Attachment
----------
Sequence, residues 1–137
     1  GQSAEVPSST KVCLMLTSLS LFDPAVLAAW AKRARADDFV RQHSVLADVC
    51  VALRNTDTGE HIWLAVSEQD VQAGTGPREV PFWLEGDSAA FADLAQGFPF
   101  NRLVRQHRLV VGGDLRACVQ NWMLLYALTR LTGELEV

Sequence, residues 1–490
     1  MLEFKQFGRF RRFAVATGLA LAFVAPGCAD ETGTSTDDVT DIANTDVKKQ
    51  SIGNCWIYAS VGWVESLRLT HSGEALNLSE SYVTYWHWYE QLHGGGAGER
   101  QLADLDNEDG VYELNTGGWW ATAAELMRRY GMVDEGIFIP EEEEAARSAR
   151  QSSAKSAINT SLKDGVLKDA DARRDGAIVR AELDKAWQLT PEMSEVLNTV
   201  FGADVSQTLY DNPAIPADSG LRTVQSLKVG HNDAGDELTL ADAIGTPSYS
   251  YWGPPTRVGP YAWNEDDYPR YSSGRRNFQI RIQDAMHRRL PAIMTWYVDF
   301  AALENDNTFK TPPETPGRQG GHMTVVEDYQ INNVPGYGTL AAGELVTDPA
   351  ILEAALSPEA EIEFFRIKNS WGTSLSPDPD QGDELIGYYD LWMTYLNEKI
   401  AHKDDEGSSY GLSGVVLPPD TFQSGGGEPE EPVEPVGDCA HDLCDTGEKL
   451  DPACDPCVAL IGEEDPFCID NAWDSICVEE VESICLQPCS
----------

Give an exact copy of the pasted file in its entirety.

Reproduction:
Sequence, residues 1–137
     1  GQSAEVPSST KVCLMLTSLS LFDPAVLAAW AKRARADDFV RQHSVLADVC
    51  VALRNTDTGE HIWLAVSEQD VQAGTGPREV PFWLEGDSAA FADLAQGFPF
   101  NRLVRQHRLV VGGDLRACVQ NWMLLYALTR LTGELEV

Sequence, residues 1–490
     1  MLEFKQFGRF RRFAVATGLA LAFVAPGCAD ETGTSTDDVT DIANTDVKKQ
    51  SIGNCWIYAS VGWVESLRLT HSGEALNLSE SYVTYWHWYE QLHGGGAGER
   101  QLADLDNEDG VYELNTGGWW ATAAELMRRY GMVDEGIFIP EEEEAARSAR
   151  QSSAKSAINT SLKDGVLKDA DARRDGAIVR AELDKAWQLT PEMSEVLNTV
   201  FGADVSQTLY DNPAIPADSG LRTVQSLKVG HNDAGDELTL ADAIGTPSYS
   251  YWGPPTRVGP YAWNEDDYPR YSSGRRNFQI RIQDAMHRRL PAIMTWYVDF
   301  AALENDNTFK TPPETPGRQG GHMTVVEDYQ INNVPGYGTL AAGELVTDPA
   351  ILEAALSPEA EIEFFRIKNS WGTSLSPDPD QGDELIGYYD LWMTYLNEKI
   401  AHKDDEGSSY GLSGVVLPPD TFQSGGGEPE EPVEPVGDCA HDLCDTGEKL
   451  DPACDPCVAL IGEEDPFCID NAWDSICVEE VESICLQPCS